The stroke used to return balls which bounce to the left (non-racquet’s) side of the body. Like the forehand drive, it consists of a horizontal swing which imparts some top spin to the ball, and sends the ball forward swiftly to land near the baseline.
Note – This stroke should be just as easy as the forehand drive. The only reason players think it more difficult is that they do not practise and use it as much as the forehand stroke. Except for a change of grip and body position, it is much the same.
Backhand Drive Analysis
a. Eastern grip (there is a change in grip for the forehand and backhand drives).
1′. The racquet handle is shifted slightly so that the first knuckle is on the top side plate of the handle, palm is on top of handle, facing downward.
2′. The thumb may be placed directly up the back plate of the handle, acting as a brace, thus strengthening the grip. However, this position of the thumb is optional, many players preferring the thumb in a diagonal position so wrist action is facilitated.
3′. The opposite face of the racquet is used to hit a backhand from that used in the forehand.
2. Wrist Action
a. Adduction of the wrist, or movement of the wrist toward the body, during the backswing, and abduction, or a definite throw of the wrist away from the body, accompanying the forward swing. Since the hand is more or less on top of the handle in the backhand grip, lateral movement of the wrist takes the place of the flexion and extension used in the forehand drive, when the hand was more on the back of the handle.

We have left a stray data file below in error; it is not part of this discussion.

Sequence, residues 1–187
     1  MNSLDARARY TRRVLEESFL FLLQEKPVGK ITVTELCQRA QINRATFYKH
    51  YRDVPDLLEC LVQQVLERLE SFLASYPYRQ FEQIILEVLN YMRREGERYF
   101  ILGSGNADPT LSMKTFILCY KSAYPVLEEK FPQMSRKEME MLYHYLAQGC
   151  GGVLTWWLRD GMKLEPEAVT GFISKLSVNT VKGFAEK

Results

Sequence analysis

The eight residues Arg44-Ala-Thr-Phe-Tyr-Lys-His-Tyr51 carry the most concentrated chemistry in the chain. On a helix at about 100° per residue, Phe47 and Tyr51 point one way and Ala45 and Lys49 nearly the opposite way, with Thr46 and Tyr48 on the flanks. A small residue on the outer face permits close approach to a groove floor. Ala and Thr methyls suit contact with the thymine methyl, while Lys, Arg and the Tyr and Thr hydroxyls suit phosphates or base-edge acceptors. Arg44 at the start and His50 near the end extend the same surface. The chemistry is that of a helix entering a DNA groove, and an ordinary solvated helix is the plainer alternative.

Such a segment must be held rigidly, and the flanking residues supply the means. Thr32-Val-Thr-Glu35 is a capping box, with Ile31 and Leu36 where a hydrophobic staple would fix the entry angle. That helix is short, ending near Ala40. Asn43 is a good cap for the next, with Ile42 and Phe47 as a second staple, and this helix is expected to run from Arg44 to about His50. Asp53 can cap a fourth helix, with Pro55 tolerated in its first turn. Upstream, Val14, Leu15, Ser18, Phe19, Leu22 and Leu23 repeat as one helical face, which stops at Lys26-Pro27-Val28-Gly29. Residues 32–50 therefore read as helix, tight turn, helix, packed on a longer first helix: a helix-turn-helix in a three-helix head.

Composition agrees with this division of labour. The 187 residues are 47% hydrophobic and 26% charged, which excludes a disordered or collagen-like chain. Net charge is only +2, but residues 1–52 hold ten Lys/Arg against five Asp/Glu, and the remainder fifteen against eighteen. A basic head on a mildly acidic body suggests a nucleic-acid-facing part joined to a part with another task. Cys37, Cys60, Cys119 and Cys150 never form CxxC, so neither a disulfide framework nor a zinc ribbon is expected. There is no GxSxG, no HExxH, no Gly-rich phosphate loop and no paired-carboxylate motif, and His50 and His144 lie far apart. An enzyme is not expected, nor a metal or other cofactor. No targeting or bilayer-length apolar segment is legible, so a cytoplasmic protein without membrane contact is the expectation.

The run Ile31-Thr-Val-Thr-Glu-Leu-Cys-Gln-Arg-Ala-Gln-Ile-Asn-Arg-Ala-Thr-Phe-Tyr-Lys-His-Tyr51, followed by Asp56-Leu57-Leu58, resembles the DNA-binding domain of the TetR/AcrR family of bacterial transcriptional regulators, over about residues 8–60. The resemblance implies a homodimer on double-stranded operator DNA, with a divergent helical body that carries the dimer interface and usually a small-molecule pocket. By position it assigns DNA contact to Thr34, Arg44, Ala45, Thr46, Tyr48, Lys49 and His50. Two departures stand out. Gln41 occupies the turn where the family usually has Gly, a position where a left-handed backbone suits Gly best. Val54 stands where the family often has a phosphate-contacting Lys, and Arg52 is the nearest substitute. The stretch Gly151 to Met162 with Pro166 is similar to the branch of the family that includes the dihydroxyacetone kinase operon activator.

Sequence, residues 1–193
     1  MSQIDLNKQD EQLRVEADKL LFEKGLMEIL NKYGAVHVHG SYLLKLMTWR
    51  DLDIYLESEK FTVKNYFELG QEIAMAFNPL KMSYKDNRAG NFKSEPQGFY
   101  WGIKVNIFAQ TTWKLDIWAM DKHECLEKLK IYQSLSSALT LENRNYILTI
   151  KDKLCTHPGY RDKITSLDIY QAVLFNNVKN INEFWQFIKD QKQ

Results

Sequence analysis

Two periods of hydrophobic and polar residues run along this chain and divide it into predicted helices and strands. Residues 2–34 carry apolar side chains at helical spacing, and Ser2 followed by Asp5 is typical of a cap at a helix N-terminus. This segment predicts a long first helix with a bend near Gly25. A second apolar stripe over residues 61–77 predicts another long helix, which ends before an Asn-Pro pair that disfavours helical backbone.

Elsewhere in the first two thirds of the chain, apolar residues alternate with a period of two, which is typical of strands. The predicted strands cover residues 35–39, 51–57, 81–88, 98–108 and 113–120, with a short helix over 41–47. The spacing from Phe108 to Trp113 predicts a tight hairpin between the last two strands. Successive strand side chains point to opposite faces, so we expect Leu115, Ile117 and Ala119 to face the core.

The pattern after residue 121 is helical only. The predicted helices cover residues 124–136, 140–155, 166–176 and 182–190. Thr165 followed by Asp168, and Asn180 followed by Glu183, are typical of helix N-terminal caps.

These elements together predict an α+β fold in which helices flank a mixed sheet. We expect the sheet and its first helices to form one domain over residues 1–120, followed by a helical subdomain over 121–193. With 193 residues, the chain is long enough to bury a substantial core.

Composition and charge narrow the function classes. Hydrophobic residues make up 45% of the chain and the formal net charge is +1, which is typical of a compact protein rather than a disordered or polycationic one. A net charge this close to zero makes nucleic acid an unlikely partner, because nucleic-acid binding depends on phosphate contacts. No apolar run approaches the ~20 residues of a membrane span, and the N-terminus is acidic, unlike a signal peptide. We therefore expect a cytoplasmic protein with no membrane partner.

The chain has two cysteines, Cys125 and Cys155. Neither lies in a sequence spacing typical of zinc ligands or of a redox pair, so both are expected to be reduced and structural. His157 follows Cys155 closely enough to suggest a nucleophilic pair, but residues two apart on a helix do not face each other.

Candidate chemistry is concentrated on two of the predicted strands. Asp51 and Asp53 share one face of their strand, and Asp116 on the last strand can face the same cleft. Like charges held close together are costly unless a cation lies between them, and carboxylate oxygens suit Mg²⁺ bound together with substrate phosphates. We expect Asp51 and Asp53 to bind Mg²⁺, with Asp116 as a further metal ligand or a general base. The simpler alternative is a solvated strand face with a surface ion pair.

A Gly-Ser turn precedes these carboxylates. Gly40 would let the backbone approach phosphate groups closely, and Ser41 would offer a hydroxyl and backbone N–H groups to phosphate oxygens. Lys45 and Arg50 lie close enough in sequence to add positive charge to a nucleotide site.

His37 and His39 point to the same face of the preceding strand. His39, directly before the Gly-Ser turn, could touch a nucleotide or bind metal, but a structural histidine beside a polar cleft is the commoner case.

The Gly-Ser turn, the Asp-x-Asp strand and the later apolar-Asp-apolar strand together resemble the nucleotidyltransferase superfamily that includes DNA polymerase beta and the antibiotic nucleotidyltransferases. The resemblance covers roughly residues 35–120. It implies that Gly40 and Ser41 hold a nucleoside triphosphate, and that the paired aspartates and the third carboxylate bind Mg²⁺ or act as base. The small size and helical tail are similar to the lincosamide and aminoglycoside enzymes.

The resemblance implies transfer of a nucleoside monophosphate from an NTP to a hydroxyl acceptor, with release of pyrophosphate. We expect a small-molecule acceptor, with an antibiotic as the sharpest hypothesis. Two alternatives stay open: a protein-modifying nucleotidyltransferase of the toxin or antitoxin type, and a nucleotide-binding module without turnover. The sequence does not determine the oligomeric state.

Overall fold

b. The wrist holds the racquet well up, so that the racquet head is higher than the wrist, throughout the entire stroke.
The hand is in a strong position on the top side of the racquet handle. The thumb may be placed up the back plate of the handle. The opposite face of the racquet is used from that in the forehand drive.
Note – Players who fail to change the grip find the wrist in a weak position for action, since the hand is on the front of the handle rather than the top. If the player attempts to hit the ball with the same side of the racquet as in the forehand, the wrist faces the ball and is in an awkward position for the stroke. This happens frequently when the incorrect forehand grip has been used.
3. Body Position And Action
a. Body is at right angles to the net, with the right foot toward the net and the left foot away from the net.
b. Because the backswing is across the body, there must be decided body rotation away from the net to insure a full backswing.
1′. Thus it is best to place the right foot diagonally forward toward the left net post.
2′. The player’s back is almost turned on the net during the backswing, with the player looking over her right shoulder at the oncoming ball.
c. Weight shifts to left foot during backswing and forward onto right foot with forward swing, trunk rotating definitely toward net. Continue reading